Concern over supply disruptions in key OPEC oil producers and the risk of disruption to oil transit routes via Egypt has resulted in Brent crude prices rising by $6 per barrel since the start of July to around $110 per barrel a week ago. Since last Wednesday’s chemical attack the prospect of military intervention in Syria and the risk of further disruption in the wider Middle East has increased adding a further $4 per barrel to Brent. All in all quite a measured response.
Despite there seemingly being plenty of contradictory evidence as to the nature of the attack, who carried out and indeed if some of the pictures were fake, the reality is we simply don’t know which is true. As Stratfor explains, the truth, whatever it is, has been politicised with major governments, including the British and French claiming knowledge that al Assad carried out the attack.
As Stratfor go on to explain this is no longer simply about Syria.
The United States has stated a condition that commits it to an intervention. If it does not act when there is a clear violation of the condition, Obama increases the chance of war with other countries like North Korea and Iran. One of the tools the United States can use to shape the behavior of countries like these without going to war is stating conditions that will cause intervention, allowing the other side to avoid crossing the line. If these countries come to believe that the United States is actually bluffing, then the possibility of miscalculation soars.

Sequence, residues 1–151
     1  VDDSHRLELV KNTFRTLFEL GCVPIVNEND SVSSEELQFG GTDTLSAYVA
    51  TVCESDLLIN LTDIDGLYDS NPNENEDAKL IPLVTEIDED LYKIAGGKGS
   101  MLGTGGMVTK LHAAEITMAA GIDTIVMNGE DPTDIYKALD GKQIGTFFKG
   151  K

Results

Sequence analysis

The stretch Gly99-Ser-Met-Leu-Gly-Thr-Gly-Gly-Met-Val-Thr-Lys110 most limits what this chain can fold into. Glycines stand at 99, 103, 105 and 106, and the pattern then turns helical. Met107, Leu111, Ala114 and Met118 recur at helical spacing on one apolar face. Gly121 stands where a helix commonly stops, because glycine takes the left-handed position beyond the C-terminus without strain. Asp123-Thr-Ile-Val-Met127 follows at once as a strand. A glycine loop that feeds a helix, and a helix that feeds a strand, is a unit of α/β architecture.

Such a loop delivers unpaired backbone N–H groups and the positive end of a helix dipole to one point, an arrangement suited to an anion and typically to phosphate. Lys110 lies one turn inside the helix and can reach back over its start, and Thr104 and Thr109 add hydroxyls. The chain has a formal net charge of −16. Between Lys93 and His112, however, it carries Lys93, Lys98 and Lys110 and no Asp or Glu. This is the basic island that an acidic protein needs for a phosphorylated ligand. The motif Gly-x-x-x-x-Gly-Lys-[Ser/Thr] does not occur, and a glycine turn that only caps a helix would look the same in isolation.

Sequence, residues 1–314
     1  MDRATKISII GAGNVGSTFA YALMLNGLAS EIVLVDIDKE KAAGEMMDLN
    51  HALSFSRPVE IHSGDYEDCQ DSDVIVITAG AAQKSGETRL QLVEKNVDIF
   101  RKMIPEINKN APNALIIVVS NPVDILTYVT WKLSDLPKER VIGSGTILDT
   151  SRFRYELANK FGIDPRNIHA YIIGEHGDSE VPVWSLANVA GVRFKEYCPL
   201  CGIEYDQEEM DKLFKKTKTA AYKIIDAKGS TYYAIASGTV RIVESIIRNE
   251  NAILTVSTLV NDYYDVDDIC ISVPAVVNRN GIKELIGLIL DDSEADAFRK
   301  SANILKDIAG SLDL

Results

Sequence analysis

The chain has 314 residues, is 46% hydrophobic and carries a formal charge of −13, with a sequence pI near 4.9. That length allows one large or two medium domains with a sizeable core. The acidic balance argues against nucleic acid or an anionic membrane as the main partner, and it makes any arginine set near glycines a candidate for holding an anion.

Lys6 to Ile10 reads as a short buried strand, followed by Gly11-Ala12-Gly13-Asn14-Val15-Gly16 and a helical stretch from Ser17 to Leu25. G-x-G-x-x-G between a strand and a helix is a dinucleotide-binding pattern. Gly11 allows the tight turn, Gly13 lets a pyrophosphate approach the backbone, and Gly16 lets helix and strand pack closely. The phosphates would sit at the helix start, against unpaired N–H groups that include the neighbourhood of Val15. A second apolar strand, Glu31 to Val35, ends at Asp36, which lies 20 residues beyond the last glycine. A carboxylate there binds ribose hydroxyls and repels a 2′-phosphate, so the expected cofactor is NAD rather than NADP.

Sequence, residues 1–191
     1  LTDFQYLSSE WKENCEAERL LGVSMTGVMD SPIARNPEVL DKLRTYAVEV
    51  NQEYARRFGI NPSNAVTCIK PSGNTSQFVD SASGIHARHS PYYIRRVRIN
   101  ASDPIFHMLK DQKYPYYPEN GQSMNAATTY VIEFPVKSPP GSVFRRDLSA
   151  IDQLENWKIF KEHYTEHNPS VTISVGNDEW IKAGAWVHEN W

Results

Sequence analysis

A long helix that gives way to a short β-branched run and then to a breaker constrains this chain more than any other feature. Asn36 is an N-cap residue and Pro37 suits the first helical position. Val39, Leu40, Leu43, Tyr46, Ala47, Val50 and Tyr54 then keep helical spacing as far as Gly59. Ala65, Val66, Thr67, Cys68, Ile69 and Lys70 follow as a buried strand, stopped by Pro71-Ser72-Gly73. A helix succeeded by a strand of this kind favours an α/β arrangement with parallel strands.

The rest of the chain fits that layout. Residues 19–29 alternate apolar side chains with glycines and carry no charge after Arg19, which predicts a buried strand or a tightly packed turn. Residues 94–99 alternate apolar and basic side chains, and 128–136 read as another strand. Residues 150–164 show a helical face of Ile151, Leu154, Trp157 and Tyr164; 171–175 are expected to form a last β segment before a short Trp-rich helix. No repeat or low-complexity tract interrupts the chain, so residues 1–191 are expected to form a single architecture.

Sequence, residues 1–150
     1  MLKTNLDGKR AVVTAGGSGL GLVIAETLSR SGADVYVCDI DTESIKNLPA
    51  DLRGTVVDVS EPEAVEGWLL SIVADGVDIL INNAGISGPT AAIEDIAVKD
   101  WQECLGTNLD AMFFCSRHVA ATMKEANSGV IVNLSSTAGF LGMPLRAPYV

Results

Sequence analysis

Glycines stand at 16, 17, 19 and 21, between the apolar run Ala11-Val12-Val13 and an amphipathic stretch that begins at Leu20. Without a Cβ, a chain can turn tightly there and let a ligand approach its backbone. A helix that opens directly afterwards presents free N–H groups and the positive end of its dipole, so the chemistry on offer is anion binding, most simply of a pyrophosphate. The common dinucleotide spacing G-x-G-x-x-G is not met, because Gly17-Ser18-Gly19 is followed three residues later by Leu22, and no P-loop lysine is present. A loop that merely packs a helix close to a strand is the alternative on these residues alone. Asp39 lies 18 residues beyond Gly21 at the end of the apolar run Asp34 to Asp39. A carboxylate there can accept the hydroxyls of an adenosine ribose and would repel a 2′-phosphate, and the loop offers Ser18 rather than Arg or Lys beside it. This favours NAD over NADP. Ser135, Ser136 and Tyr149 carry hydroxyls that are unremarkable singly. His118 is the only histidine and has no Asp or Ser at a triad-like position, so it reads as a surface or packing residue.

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While the probability of some kind of military strike appears very likely (quite possibly by the end of the month) the impact on oil production in the region is very uncertain, the risk of disruption certainly justifying higher oil prices. Although Syria is a relatively small producer and most of its 400,000 bpd is already shutdown due to civil war the risk is that unrest widens to include Iran and Saudi Arabia.
Should a disruption occur however any impact to oil prices is likely to be limited by the US and its allies tapping their strategic crude reserves, either via the IEA or as a separate group. The IEA has coordinated a global stock release on only three occasions before. In the early stages of the Gulf War in 1991, after Hurricanes Katrina and Rita struck the US in 2005 and in response to the prolonged disruption of oil supplies from during the conflict with Libya in June 2011.
In the latter case Brent oil prices were around $120 per barrel before strategic oil supplies were released. Irrespective of whether the global economy is more able to withstand higher oil prices now than it was two years ago, the US and its allies may also see a release of oil reserves as a tool to prevent Iran and indeed Russia from profiting from higher oil prices. In short, whatever happens it is very unlikely that oil prices will rise above $120-$130 per barrel for more than a brief time period.